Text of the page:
Please try to save this overexposed image in Darktable

I wanted to delete this image for good, but figured it would be nice way for you to show me how powerful DT is in saving clipped highlights and recovering the detail.

I’m still new in DT and would like to see from the experienced people how good it can be for this task. Because my success in saving the detail just wasn’t good, looked artificial, while RT produced so much better result that could actually be used.

Please use DT only. Thanks.

_V3A0302.CR2 (40.8 MB)

License: Creative commons

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Can you add a license please?

There isn’t much you can do when +/- 33% of the image is clipped…


_V3A0302_01.CR2.xmp (10.1 KB)

I think one should forget the surroundings and focus solely on the two females:


_V3A0302.CR2.xmp (11.1 KB)

I have to admit that I did not spend a lot of time on this one.

Both are done with (a hybrid) darktable 3.1.0

I did decide to spend a bit more time on the sky and pool for this one. Also means that the overall look is more that of a overcast, sombre day. Sky is very problematic to “fix” though… Anyway, this was done with a “normal” darktable 3.1.0:


_V3A0302.CR2.xmp (14.3 KB)

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@Jade_NL

Thank you very much Jade! Well that’s exactly the problem I faced before - floor bricks were just irreparable in DT! It looked like it was extracting detail from JPG and not RAW.
RT on the other hand, did wonderfully both the floor and a bit of the sky.

I prefer the sky on the first two images you did. It’s kind of bluish, while on the third image it looks stormy! :slight_smile: I also like how you focused on the people on the 2nd image!

How did you get DT 3.1? I have 3.0.2. The difference in recovered parts is HUGE on DT 3.1 and on par with current RT.

Update: my DT 3.0.2 hangs when I try to load your xmp, probably due to 3.1 ver.

_V3A0302.CR2.xmp (9.9 KB) _V3A0302

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Very nice contrast and colours, thanks. Punchy. I like it a lot!
Still a bit washed out floor, but I guess that’s the limit for DT 3.0.2, the way it handles extreme overexposure?

We could crop the front part and focus on the people and have totally usable photo here.

My try:


_V3A0302.CR2.xmp (8.3 KB)

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Very nice editing too! A bit hdr-like. :slight_smile:

Thanks guys, I learned a lot from your changes!

The latest filmic rgb (v4; not available in 3.0.2, but in 3.1.0) has an excellent reconstruction option. This works in union with the highlight reconstruction module (and also exposure). It can do things that are not possible in the current stable versions.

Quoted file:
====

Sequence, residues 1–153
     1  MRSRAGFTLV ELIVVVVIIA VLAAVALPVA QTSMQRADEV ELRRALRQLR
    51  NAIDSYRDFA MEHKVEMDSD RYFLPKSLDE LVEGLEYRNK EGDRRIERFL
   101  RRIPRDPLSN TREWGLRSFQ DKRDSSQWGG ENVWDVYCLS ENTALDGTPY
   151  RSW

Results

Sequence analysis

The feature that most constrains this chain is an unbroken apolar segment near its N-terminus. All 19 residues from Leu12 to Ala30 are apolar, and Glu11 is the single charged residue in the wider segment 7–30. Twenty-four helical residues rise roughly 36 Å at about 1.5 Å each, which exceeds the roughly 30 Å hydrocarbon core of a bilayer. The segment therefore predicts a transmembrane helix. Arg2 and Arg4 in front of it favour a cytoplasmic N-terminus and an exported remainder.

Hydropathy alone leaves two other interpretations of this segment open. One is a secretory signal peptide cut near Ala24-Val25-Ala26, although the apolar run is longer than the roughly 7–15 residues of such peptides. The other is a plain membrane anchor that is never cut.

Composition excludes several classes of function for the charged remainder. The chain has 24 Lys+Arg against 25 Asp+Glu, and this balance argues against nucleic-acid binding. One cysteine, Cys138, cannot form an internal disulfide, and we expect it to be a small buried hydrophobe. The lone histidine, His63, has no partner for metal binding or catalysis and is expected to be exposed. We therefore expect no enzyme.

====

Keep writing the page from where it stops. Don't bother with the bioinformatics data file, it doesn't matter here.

The original does seem to have a hint of clouds (hard to be sure due to the clipping), but I have to admit that it is rather hard to get that back and it does result in a darker/stormy/sombre end result.

3.1.0 is the latest development version and not yet available for the general public. If you are willing and able you can build it yourself (build guide on GitHub). It is updated daily and not always as stable as you hope for (it is development…).

In August the new, stable dt 3.2.0 will arrive which holds all the goodies that are already available in 3.1.0.

The xmps created with a newer darktable are not compatible with older version (and might hang dt when trying to load them), hence the mentioning of the version(s) that I used if not the latest stable :slight_smile:

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I have darktable 3.1.0+2446~g7d3d982d4 (compiled from git development a day or so ago) and used filmic RGB 4.

First attempt was to let the recover highlights module work in LCR mode.


_V3A0302.CR2.xmp (13.0 KB)

After that, I made a pristine copy and turned off the recover highlights module, letting filmic do all the work on highlights.

I wanted to make the focus of the image the people, so I added a tone equalizer (to lighten the subjects and darken the top and bottom, more or less) and a duplicated exposure with a feathered, fuzzy, inverted circle mask over the area with the people (so that everything else becomes darker).

However, that affected the data filmic got, so its highlight handling let in too much semi-clipped data. Magenta invaded.

I then dialed back the highlight color, but it took away a little too much color in some of the non-sky (and sky reflection) color in the image. So I moved the highlights color back up and got a magenta cast in the sky (and reflection) again.

I then compensated for the magenta by “painting” a blueish color back using the colorize module with a parametic mask, to only affect the magenta color and then added two lasso masks to generally select the sky and the pool. Of course, then I feathered the mask.